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Landscapes: Volume 2 is the second of a 4 part series (so far). Every frame of this video is a raw still from a Canon 5D2 DSLR and processed with Adobe software. In Volume 2 I again show off my beautiful home state of Arizona and I also made several trips to Utah. This video has some iconic landmarks that we have seen before. I felt that showing them again with motion controlled HDR and/or night timelapse would be a new way to see old landmarks.
Most of the motion control for this video was done with the Stage Zero Dolly by Dynamic Perception. Once I got comfortable using the DP dolly I fell in love. I can set up shots now in much shorter times. More importantly for me, it is much smaller and much more portable than my homemade motion control. Without it, shots like the Delicate Arch shot in Utah would be nearly impossible due to the length of the hike. Buy the Stage Zero Dolly if you are looking for quality, inexpensive, easy-to-use motion control. dynamicperception.com/
Astrophysicist Dr. Neil DeGrasse Tyson was asked in an interview with TIME magazine, "What is the most astounding fact you can share with us about the Universe?" This is his answer.
Special thanks to:
Reid Gower http://saganseries.com/
Michael Marantz vimeo.com/2822787
Carl Sagan http://www.hulu.com/cosmos
Neil deGrasse Tyson http://www.facebook.com/neiltyson
...for their inspiration.
Narration: TIME Magazine's "10 Questions for Neil Degrasse Tyson"
Music: "To Build a Home" by the Cinematic Orchestra feat. Patrick Watson
Video (in order of appearance):
IMAX: Hubble 3D (Orion)
Animal Planet: Safari
Yellowstone: Battle for Life (Waterfall)
Supernova to Crab Nebula
BBC: Wonders of the Solar System (formation of the solar system)
Accretion and First Eukaryotes from the 2011 film "Tree of Life" directed by Terrence Malick
BBC: Charles Darwin and the Tree of Life
"Salar de Uyuni, Bolivia" by Ayrton Orio (Model: Xharon Kendelker) vimeo.com/9505354
BBC: Wonders of the Solar System (Brian Cox w/ telescope)
"Afghanistan - touch down in flight" by Augustin Pictures vimeo.com/31426899
"mongolia!" by wiissa vimeo.com/27876709
Excerpt from "Outside In", Copyright Stephen van Vuuren/SV2 Studios
IMAX: Hubble 3D (Inside Orion Nebula)
Shuttle Launch from 1985 IMAX film "The Dream is Alive"
"Earth -- Time Lapse View from Space, Fly Over -- NASA, ISS" by Michael Konig
Excerpt from "The Island" - La Palma Time Lapse Video by Christoph Malin vimeo.com/27539860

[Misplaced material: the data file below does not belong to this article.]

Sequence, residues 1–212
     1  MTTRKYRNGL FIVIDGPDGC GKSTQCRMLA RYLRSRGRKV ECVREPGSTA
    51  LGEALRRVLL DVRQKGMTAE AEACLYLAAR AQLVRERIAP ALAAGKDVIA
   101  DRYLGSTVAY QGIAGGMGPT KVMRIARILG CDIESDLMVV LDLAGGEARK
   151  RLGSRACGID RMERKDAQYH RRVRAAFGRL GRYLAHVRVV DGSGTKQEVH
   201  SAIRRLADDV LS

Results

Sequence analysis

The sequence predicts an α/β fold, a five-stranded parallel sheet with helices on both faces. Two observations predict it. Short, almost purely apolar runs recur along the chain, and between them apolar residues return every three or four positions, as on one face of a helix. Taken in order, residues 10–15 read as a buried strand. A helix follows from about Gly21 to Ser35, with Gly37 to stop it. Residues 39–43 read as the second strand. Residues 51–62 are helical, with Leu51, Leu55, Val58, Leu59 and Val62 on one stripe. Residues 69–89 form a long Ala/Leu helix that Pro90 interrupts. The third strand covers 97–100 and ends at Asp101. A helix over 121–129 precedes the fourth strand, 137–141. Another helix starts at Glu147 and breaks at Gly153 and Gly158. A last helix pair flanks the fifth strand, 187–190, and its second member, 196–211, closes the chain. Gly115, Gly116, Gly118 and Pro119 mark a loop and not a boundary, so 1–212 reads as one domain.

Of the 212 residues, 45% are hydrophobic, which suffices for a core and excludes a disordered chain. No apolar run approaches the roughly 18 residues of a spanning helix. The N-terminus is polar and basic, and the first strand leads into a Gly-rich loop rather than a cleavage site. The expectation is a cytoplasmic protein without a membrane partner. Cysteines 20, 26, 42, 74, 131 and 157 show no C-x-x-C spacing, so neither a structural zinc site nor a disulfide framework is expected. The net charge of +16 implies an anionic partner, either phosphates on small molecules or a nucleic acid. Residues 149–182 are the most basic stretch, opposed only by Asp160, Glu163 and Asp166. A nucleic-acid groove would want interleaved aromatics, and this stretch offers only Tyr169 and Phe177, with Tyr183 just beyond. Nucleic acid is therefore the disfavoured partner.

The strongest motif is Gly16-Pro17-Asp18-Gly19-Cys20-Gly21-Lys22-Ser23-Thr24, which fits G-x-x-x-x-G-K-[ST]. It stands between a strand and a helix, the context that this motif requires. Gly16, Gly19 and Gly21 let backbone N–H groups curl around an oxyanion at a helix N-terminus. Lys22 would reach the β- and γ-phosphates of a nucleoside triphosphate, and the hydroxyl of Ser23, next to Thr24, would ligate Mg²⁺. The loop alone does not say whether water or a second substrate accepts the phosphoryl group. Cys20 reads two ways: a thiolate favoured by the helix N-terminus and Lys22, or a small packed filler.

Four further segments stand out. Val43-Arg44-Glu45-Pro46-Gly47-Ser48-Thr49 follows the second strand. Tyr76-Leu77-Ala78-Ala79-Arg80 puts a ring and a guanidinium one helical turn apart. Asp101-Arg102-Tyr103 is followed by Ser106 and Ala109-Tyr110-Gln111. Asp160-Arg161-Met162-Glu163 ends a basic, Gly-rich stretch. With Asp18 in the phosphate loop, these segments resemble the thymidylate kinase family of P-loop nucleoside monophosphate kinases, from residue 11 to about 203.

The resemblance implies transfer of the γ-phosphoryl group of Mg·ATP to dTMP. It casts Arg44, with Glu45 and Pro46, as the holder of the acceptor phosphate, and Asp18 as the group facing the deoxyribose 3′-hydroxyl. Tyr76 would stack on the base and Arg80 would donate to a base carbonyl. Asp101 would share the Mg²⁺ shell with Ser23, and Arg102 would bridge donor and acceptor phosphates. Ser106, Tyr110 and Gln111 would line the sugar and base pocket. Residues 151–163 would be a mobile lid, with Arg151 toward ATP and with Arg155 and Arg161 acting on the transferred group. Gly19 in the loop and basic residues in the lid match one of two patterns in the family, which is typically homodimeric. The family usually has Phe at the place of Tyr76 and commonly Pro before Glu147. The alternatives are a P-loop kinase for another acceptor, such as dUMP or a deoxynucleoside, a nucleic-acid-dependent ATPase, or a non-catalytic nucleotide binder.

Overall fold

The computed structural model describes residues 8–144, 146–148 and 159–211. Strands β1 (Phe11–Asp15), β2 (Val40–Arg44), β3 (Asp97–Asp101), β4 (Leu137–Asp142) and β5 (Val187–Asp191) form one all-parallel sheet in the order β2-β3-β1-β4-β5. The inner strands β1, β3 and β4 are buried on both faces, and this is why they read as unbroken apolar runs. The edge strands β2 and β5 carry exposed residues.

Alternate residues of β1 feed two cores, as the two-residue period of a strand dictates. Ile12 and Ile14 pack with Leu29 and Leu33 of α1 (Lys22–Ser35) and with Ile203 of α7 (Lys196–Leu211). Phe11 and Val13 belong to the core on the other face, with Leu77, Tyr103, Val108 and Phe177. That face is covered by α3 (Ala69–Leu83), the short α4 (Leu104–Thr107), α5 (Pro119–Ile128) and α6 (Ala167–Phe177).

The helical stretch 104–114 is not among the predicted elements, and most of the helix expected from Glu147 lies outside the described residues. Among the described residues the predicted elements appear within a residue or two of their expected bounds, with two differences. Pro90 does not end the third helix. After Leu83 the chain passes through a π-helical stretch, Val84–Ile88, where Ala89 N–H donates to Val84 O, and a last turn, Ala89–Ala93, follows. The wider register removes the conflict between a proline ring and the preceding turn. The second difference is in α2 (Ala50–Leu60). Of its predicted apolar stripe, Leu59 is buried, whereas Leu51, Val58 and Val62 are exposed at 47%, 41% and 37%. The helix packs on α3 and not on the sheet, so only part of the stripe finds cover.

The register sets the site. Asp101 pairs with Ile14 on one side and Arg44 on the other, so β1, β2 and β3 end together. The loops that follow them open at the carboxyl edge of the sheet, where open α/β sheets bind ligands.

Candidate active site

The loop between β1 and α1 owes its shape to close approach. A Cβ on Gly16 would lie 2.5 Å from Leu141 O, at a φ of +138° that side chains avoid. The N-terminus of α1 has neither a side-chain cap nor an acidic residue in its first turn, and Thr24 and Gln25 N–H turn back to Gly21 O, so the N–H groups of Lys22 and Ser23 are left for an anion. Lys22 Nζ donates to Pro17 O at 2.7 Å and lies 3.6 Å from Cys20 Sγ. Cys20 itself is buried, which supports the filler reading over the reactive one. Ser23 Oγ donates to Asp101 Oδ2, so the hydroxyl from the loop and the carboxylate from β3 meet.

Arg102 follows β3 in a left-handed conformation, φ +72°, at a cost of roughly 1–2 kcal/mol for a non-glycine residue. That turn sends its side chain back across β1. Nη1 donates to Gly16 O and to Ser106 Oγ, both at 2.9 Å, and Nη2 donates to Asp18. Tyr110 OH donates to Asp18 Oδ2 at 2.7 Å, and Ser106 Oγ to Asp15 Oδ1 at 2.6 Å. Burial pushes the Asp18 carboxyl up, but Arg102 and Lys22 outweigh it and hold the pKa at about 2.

Galaxy Map and Galaxy Formation by NCSA's Advanced Visualization Lab
"Mars sunset" captured by NASA's Mars Exploration Rover Spirit (from BBC: Wonders of the Solar System)
Edited by Max Schlickenmeyer
Neil goes on to say "For me, that is the most profound revelation of 20th century astrophysics and I look forward to what the 21st century will bring us, given the frontiers that are now unfolding."
Copyright Disclaimer Under Section 107 of the Copyright Act 1976, allowance is made for "fair use" for purposes such as criticism, comment, news reporting, teaching, scholarship, and research. Fair use is a use permitted by copyright statute that might otherwise be infringing. Non-profit, educational or personal use tips the balance in favor of fair use. All copyrighted materials contained herein belong to their respective copyright holders, I do not claim ownership over any of these materials. I realize no profit, monetary or otherwise, from the exhibition of these videos.
The basic idea of the project is built upon the consideration of creating
a moving sculpture from the recorded motion data of a real person. For
our work we asked a dancer to visualize a musical piece (Kreukeltape by
Machinenfabriek) as closely as possible by movements of her body. She was
recorded by three depth cameras (Kinect), in which the intersection of the
images was later put together to a three-dimensional volume (3d point cloud),
so we were able to use the collected data throughout the further process.
The three-dimensional image allowed us a completely free handling of the
digital camera, without limitations of the perspective. The camera also reacts
to the sound and supports the physical imitation of the musical piece by the
performer. She moves to a noise field, where a simple modification of the
random seed can consistently create new versions of the video, each offering
a different composition of the recorded performance. The multi-dimensionality
of the sound sculpture is already contained in every movement of the dancer,
as the camera footage allows any imaginable perspective.
The body â€“ constant and indefinite at the same time â€“ â€œburstsâ€ the space
already with its mere physicality, creating a first distinction between the self
and its environment. Only the body movements create a reference to the
otherwise invisible space, much like the dots bounce on the ground to give it
a physical dimension. Thus, the sound-dance constellation in the video does
not only simulate a purely virtual space. The complex dynamics of the body
movements is also strongly self-referential. With the complex quasi-static,
inconsistent forms the body is â€œpaintingâ€, a new reality space emerges whose
simulated aesthetics goes far beyond numerical codes.